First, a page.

The effect of daily calf stroking frequency during the postnatal period on the establishment of the human-calf relationship
Stroking calves during the postnatal period could effectively improve human-calf relationships. The objective of this study is to examine how daily calf stroking frequency during the postnatal period affects the establishment of human-calf relationships. Six calves were stroked by a trainer for 6 minutes once daily for 5 days after birth (D1). Six calves were stroked by a trainer for 3 minutes twice daily for 5 days after birth (D2). A further four calves were stared at but not stroked as the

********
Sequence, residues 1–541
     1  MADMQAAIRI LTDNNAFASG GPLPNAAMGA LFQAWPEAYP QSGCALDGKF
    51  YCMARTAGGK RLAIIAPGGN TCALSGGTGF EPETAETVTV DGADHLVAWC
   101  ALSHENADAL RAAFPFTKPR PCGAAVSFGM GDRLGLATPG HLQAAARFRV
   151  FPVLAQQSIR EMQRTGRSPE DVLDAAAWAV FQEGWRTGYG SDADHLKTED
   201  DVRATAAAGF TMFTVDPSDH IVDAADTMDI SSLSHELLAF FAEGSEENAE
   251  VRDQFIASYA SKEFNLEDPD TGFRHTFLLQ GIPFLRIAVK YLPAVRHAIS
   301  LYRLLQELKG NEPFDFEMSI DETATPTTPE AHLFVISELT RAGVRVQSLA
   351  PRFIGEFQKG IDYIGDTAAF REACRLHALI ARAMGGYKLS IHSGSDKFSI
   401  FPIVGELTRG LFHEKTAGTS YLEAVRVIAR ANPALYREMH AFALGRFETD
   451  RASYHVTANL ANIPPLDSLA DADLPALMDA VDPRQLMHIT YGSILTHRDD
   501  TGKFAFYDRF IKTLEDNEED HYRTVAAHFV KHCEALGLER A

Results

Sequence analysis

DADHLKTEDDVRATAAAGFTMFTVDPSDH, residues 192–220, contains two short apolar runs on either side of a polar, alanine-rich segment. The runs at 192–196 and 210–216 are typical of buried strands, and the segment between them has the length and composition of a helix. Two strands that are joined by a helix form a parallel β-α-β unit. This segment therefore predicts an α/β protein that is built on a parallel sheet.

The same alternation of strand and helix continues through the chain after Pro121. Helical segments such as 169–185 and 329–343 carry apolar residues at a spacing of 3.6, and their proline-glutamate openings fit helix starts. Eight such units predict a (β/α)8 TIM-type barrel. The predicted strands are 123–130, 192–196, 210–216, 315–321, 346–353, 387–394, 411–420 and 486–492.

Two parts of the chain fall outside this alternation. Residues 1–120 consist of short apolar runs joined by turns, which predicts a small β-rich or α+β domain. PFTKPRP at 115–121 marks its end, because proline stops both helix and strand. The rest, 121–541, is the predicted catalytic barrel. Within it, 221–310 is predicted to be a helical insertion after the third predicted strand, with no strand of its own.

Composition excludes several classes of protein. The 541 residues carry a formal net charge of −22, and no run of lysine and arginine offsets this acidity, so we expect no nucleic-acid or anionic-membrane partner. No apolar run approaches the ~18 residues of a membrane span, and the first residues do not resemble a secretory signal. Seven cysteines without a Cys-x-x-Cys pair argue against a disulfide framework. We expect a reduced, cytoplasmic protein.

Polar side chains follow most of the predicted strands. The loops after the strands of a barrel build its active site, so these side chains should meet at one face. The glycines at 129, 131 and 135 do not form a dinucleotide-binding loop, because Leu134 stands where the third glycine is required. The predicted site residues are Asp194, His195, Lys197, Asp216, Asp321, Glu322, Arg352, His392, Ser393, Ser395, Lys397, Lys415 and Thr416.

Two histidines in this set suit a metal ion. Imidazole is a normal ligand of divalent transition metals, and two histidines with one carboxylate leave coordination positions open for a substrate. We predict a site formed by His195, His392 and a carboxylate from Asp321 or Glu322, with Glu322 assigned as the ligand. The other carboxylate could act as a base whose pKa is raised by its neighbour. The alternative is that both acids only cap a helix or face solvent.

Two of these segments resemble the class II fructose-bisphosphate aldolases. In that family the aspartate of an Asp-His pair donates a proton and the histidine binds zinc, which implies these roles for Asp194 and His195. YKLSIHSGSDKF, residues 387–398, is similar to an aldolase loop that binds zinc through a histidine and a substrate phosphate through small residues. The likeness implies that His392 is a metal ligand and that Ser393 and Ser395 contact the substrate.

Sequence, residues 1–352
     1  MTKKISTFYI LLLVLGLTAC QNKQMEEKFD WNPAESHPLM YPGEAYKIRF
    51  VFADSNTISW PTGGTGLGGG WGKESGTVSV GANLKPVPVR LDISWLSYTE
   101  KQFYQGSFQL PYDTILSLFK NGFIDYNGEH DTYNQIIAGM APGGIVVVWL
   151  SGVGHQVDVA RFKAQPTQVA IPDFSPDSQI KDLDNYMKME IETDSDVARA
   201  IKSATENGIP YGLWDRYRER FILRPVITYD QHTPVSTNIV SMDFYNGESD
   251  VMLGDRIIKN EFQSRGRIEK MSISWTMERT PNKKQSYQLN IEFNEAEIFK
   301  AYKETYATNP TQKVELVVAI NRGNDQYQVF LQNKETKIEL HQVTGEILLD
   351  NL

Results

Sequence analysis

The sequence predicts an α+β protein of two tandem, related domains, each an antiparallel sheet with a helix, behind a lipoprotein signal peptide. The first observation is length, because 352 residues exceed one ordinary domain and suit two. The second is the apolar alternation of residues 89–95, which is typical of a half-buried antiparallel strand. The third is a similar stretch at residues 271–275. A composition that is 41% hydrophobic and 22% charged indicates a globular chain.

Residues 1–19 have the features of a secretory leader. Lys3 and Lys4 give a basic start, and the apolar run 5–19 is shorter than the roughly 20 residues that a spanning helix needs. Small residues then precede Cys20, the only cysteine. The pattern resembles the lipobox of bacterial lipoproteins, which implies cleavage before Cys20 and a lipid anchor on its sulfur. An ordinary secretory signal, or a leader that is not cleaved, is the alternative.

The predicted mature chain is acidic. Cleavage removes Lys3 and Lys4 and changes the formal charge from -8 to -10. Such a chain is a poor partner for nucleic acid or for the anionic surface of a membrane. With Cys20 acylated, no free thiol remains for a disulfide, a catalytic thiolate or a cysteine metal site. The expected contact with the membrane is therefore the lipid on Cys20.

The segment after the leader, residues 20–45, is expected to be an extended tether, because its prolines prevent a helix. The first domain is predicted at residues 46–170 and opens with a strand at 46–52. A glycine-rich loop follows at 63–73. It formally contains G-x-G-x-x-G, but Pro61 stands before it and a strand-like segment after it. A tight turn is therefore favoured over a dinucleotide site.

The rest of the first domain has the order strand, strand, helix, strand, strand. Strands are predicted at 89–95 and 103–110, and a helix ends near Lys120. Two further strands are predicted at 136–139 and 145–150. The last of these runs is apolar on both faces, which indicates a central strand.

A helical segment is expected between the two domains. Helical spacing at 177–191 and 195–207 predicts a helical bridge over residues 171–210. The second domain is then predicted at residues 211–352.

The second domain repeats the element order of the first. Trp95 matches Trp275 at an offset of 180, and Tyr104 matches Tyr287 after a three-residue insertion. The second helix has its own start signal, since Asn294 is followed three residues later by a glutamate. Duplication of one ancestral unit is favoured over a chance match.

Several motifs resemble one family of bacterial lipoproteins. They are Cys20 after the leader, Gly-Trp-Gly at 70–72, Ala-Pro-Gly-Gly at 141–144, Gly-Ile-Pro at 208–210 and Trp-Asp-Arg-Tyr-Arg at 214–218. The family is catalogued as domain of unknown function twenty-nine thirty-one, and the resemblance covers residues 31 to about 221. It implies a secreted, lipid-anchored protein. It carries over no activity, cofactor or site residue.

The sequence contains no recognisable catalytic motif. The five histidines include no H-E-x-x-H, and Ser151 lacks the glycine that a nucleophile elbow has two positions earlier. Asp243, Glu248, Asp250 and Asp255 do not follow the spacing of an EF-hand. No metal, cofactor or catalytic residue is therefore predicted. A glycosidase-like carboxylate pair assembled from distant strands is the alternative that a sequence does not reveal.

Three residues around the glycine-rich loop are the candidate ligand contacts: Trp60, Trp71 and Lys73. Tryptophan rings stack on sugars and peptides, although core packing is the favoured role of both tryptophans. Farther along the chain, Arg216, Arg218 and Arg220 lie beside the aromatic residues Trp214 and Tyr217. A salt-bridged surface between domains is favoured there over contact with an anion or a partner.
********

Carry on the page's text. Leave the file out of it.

... ot stroked as the control group. The overall stroking or staring duration was the same for all groups, at 6 min/day and 30 min over 5 days. The tests for reactions to the stationary trainer in an unfamiliar environment and avoidance distance measurements for an approaching trainer were conducted at 1 month and 3 months after the treatment. Calves in both stroking groups approached significantly closer to the stationary trainer, vocalized less, and looked at the trainer shorter than the control group at 1 month. However, at 3 months, there was no significant difference between the D1 and the control group, whereas the D2 approached significantly closer to the trainer and vocalized less, and looked at the trainer for a shorter time than the control group. For the avoidance distance, the trainer could approach closer to both stroking groups than the control at 1 month, however, there was no difference among groups at 3 months. Our results suggested that the difference in the calf stroking procedure affected the established human-calf relationships, even though the total stroking duration was the same for all stroked calves. It is likely to be more effective to stroke more frequently than intensively when the aim is to establish better human-calf relationships within limited labor time.